Q: Ahh, I see. Your book also looks at how to become financially effective. Can you share with our readers some of the steps they can take to become financially effective, and what this means?

A: Financial effectiveness is a combination of financial competency (the nuts and bolts of money) and financial ease (the psychology of money). Start with knowing where you stand by taking the financial effectiveness component of our Affluence Intelligence test. It is available for free on our website: Affluenceintelligence.com.

Once you know where you stand, develop a doable action plan to improve in this financially critical domain. You can make use of the program we describe in our book, or use one of the many other programs available online. What is key is to take responsibility and to take action for your strengths and vulnerabilities in this domain. This means getting out of what we call “the money fog” and taking action, now, to make the changes necessary.

Q: You also look at the various money psychology personalities that exist, like spender vs. saver. Let’s say someone leans more toward being a spender. How can they use this awareness to become financially effective?

A: Awareness is power if you use it to change your behavior!  Each of us has a unique money psychology that results in particular strengths and vulnerabilities that impact Affluence Intelligence. From our perspective, being a spender or a saver is neither good nor bad; it is vitally important to know how you can maximize your personal strengths and minimize your weaknesses, to best exercise Affluence Intelligence.

For example: If you find that you are a spender but you are financially effective and have financial ease about your money, then your spending may not be a problem. If however you are not meeting other needs that you highly value, whether it be paying the bills or saving for retirement, then spending is getting in the way of attaining Affluence Intelligence, which includes “being safe in body and mind” and “having enough money to meet not only needs but also wants.”

Start by taking the AI test and learn your personal strengths and vulnerabilities. Look at your AI profile, with an eye on your scores in the area of Financial Effectiveness. Next, make a plan for how you will use that information to directly affect your decisions about the spending, saving, and sharing of money. Create simple, doable action steps; it is not necessary to change your entire money personality. Importantly, start tomorrow and make it real: get friends and family on board with your action plan and ask them to help keep you on track.

Q: What is the most important piece of financial advice you’ve ever received? 

A: Live within your means, never make money your core value, and take a hard look at what really matters to you in this lifetime around your financial choices. Take hold of what really matters to you and how you spend your time, as time is the one commodity that money can’t buy. Many of us look around and feel a pressure to keep up with others, which can easily take one off track.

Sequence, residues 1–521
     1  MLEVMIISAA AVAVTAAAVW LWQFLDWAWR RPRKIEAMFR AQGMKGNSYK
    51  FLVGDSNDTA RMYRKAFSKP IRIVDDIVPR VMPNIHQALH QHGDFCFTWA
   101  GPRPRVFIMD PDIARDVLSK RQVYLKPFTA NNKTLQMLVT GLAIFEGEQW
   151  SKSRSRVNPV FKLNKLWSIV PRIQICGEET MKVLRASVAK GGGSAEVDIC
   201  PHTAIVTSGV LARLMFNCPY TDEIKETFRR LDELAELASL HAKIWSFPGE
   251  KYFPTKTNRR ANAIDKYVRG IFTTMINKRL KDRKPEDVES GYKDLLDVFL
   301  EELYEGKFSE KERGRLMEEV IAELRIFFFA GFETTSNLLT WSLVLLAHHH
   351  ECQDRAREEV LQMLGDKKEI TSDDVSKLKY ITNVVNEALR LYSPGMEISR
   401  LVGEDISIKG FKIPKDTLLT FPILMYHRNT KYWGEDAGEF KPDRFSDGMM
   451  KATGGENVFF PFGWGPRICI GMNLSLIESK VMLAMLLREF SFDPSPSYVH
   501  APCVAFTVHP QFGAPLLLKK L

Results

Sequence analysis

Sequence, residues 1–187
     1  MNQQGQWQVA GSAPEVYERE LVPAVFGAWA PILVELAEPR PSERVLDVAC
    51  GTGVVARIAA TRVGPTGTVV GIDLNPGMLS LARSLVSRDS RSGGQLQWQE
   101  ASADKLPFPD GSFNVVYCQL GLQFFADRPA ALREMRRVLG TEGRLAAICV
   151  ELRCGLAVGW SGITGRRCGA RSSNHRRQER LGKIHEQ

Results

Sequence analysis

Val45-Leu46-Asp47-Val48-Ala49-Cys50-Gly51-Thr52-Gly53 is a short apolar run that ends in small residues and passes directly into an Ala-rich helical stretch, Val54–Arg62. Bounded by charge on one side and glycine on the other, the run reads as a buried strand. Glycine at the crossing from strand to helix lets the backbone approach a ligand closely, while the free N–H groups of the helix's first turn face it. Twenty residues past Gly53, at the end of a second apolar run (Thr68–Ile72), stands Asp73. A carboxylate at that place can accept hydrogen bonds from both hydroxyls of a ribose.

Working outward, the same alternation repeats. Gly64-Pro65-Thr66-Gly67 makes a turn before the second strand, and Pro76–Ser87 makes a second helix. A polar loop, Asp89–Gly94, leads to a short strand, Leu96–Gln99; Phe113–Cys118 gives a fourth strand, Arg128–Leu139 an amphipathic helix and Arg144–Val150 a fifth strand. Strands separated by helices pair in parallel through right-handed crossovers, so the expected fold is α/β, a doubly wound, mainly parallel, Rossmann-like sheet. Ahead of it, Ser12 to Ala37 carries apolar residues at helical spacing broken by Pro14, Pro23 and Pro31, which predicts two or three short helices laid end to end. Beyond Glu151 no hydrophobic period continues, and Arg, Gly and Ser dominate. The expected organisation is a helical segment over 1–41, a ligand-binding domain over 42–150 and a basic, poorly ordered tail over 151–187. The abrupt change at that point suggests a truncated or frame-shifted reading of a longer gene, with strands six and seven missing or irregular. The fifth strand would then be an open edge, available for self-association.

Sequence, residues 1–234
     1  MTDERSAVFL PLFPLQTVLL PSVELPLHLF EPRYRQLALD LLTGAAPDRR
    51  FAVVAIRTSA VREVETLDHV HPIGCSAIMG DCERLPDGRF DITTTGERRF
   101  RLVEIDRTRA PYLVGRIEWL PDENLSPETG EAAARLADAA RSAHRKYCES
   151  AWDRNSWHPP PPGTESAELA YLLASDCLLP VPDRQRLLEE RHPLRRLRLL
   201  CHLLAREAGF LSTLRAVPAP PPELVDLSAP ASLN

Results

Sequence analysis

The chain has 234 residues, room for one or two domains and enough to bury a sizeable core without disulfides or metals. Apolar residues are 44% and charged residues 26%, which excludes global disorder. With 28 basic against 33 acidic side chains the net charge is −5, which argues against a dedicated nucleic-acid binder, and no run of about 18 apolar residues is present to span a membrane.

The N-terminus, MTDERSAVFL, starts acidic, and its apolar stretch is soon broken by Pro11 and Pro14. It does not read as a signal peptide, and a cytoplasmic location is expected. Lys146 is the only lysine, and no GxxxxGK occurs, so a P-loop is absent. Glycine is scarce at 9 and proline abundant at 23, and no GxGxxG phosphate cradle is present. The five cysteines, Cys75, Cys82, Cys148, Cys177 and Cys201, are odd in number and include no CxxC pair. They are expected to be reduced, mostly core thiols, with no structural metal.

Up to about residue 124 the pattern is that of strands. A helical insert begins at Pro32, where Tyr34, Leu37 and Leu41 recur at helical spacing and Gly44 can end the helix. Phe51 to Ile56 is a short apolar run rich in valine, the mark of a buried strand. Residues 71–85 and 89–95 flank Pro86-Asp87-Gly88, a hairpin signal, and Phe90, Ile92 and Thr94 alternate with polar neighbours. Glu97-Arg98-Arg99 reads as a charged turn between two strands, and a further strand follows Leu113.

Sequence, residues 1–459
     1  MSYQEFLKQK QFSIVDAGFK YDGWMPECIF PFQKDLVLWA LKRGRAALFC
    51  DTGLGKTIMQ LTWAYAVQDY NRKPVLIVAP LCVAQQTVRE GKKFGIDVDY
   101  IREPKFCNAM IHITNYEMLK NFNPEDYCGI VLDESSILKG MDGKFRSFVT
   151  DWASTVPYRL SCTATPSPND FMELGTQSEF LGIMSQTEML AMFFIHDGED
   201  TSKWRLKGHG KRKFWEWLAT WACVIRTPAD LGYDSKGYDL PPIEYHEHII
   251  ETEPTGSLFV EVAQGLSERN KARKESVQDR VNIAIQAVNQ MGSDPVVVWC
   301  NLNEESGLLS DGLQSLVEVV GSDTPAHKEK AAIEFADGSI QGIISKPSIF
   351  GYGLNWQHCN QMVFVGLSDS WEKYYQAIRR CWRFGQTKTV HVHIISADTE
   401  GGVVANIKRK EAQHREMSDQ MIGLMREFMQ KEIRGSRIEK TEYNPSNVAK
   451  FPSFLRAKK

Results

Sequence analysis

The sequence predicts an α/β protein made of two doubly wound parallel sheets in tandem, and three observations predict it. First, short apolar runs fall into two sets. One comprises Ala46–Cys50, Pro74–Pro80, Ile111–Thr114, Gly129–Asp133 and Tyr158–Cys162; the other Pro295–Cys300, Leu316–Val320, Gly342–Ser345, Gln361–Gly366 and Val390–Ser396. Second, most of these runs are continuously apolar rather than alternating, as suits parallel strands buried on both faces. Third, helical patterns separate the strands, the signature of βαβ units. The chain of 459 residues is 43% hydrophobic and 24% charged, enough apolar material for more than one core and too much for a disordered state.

Review and renew your life choices so that are aligned with what is important and what is meaningful to you, not what you see around you. At the end of the day, most of our clients tell us that it is how they spent their time and who they spent their time with that matters, rather than how much stuff or money they have accumulated. If you are spending all of your time making money or worrying about money, your life is out of balance. Take the time today to sit down and reflect on what you can start to do to get your life back in balance.

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Q: If readers could do one thing to improve their financial lives, what would you tell them to do?

A: Here are some tips based on our many years of working with people who have attain both personal and financial success:

  • Have your priorities and values drive your money not your money drive your values. Money is a tool to live your values, to help provide for your sustenance, care, and satisfactions. This is the single most important lesson we have learned from our successful clients. Know that your self worth is not equal to your financial worth.  Money should not be a primary value, as it is not a substitute for self-esteem, love, connection, real productivity, or personal integrity.
  • Use a Regenerative Economics mindset:  Review your spending and saving decisions. Are these decisions regenerative or degenerative? What do you need to do to shift the balance? For example: Buy Local: Purchasing from local business enterprises put money back into your neighbor’s pockets, an activity that is regenerative for you and the community in which you live.
  • Practice conscious consumption: take the time to Ask yourself, is this purchase a need or a want?
  • If you need to earn or save more money, keep in mind: Spending less is earning more.
  • Nourish your physical and emotional health. Don’t defy common sense: if a financially-related activity is making you sick, stop doing it….now! Your health and your time is precious, and not for sale.
  • Take Action: Create a three month plan for yourself, with doable action steps that you will implement today. In our book we describe a step-by-step method for creating such a plan. No excuses. Walk your talk, implement your plan.
  • Get support. Find a person (not your spouse) who is willing to be your Affluence Intelligence Buddy, a source of support and accountability.
  • For each discretionary dollar of spending, put a predetermined percentage of that amount into saving and or charity.
  • Give locally, nationally or globally: Give to a charity or cause that matters to you. Giving, whether it is in the form of money or your time, will make you feel rich, and is regenerative. We have been amazed by the powerful sense of fulfillment and satisfaction that many of our successful clients experience through their generosity in giving both their money and their time. Whatever you can afford, no matter how little time you have to give, it will make a difference-for you and for the receiver of your gift.

Learn more about Stephen and Joan at www.Affluenceintelligence.com